The modern air forces built by autocratic Arab monarchies are designed primarily for self-defense, not attack. For Saudi Arabia, for example, the bogeyman is Iran. Saudi Arabia has bought scores of Eurofighter Typhoons from Britain, the front line equipment of many European powers. However, the Typhoon was designed in the 1980s for Cold War combat that envisaged Top Gun style dogfights between fighters, not close air support and ground attacks.
The Saudi Arabian Typhoons are of a later model that has been adapted to carry air-to-ground missiles for use on a battlefield, but it is not an ideal platform for that role. (After finding the limitations of Typhoons in the Libyan conflict the Europeans are only now making them more effective for precision attacks on ground forces.) The Saudi military is still essentially locked in a defensive mindset. Nonetheless it does have the region’s most sophisticated systems for managing air power, including the ability to refuel fighters in the air. They have carried out small strikes against terrorists in the Yemen, but a sustained campaign against ISIS would call for a far more public commitment and strength of will than any Saudi regime has so far exhibited.
Other Gulf powers have the same mindset. The UAE is buying the latest Predator drones, but is far from ready to use them. Tiny Qatar is shopping for 72 advanced fighters like the Typhoon but will not have an effective air force for years
Turkey is the closest of all countries to the conflict but is inhibited not by a lack of resources – it has a large force of U.S.-supplied F-16s and even an intelligence satellite – but by its tricky position in the region, with military links to NATO, Europe and the U.S., a delicate internal balance of secular and Islamic allegiances, and an evolving relationship with the Kurds after years of mutual hostility.
Jordan is in an even more delicate position, and a country that ISIS would dearly like to swallow. It also has a large force of U.S.-supplied F-16s. But Jordan’s highest priority seems to be a fear of insurgency and this year it is equipping its special forces with two highly lethal gunships, based on an Airbus supplied military airplane but armed by ATK, a U.S. supplier. Gunships are fearsome but they operate at low altitudes where they are vulnerable to the kind of shoulder-fired weaponry that ISIS most certainly has. Jordan doesn’t want to get into this air war any more than Turkey.
But if the Arab states mustered the will, they could demolish ISIS, as history has shown.
Seventy years ago, on Aug. 23 1944, General Dwight D. Eisenhower, the commander of the D-Day landings, went to inspect a battlefield in northern France. His forces had finally broken out of Normandy and were pursuing the remnants of a once-mighty Nazi battle group who were in full retreat.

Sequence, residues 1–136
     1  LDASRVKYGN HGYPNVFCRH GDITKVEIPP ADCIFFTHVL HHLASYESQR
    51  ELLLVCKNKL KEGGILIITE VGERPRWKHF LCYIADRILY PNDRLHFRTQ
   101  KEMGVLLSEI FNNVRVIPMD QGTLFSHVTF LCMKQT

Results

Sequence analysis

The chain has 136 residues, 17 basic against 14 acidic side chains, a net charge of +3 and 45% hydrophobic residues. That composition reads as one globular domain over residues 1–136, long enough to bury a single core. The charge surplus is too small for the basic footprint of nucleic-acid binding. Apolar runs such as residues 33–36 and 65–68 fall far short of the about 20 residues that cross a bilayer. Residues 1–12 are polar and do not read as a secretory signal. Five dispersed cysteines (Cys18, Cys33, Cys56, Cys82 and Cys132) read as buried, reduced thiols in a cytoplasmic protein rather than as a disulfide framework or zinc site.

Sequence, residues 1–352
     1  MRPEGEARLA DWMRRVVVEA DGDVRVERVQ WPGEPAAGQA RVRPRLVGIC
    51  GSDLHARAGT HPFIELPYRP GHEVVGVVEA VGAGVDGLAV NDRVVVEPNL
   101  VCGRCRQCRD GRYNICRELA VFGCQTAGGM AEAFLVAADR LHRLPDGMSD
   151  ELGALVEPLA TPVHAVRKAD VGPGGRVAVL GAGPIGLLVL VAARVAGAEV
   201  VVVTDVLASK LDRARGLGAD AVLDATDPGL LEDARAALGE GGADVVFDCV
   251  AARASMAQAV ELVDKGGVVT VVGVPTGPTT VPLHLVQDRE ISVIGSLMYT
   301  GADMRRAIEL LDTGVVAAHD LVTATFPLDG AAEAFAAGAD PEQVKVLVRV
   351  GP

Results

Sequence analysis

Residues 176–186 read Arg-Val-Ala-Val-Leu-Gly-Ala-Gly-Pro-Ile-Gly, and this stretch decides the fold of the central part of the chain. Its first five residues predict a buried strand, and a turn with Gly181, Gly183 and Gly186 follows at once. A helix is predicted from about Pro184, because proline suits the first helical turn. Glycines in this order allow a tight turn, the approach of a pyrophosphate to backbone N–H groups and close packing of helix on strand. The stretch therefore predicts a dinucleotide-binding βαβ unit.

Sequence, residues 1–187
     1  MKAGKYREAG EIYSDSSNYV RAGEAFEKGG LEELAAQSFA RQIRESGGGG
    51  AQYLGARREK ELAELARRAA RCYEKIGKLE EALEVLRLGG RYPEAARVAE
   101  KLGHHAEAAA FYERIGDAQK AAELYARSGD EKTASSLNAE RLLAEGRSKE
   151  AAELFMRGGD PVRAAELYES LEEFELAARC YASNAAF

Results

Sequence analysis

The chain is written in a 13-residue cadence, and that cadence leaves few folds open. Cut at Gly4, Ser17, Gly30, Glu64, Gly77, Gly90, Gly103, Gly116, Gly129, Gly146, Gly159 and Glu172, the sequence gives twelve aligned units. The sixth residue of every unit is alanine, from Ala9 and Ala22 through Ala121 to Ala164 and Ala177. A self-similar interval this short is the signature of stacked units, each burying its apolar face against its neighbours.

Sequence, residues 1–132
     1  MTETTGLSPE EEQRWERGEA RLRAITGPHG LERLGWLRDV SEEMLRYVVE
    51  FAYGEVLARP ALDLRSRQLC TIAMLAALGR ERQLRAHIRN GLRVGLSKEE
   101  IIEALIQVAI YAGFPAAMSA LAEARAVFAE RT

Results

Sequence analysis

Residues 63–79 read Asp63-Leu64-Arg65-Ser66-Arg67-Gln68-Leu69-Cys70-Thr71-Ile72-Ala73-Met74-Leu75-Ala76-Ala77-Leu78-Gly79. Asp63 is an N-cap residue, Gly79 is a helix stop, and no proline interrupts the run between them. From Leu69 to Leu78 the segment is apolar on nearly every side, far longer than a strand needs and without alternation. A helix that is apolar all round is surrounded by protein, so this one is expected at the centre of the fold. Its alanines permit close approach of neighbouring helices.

The Germans were annihilated. They had no air cover and their exposed columns were like a fish in a barrel. The Allies had mastered a military equation that the Germans invented: the blitzkrieg, which combined air and land forces into one rapidly-moving killing machine. From that moment on it was obvious that any army without air cover would be fatally vulnerable – as long as there was air power to deal with it.
Tuesday, August 26, 2014
Monday, August 25, 2014
The Era of Dirty Wars?
Americans don’t always like to acknowledge it, but the U.S. has a long history of fighting so-called dirty wars.
Perhaps rather than insisting we should never get involved in these conflicts, we should learn how to do so as cleanly and efficiently as possible.
Friday, August 22, 2014
Cheese and Rice!!
We all know them - the Unserious. Always inappropriate handwringers and worried about the wrong thing, you know?
Thankfully, no one's taking these goobs seriously.
Pic "The Army is the only service that can seize and secure large expanses of territory for extended periods of time."
Thursday, August 21, 2014
No boots on the ground?
That kinda chiz is mantra as policy, not a strategy.
And that mantra features three key strategic audiences: domestic, international and enemy.
Domestically, the mantra appears to reflect America’s tiredness of war. This tiredness, however, could be more a reflection of not wanting to use lives and funds to no end. America generally supports wars seen as “righteous” (waged for the right reasons) and progressing in pursuit of achievable aims (waged well). The righteousness of the war in Afghanistan and against al Qaeda is not in question, but in the eyes of many Americans, the war in Iraq was. How well each of these three wars has been and is being waged, however, is a reasonable question.
Americans do not support wars whose aims are unachievable or wars that do not progress toward even reasonable aims. With respect to waging the post-9/11 wars, our performance is certainly mixed. If the U.S. could articulate a strategy that had a reasonable chance of success in ending these wars in ways that are favorable to U.S. security interests, perhaps Americans would not accept this mantra as a reflection of their will. Current polling does not make this nuanced distinction.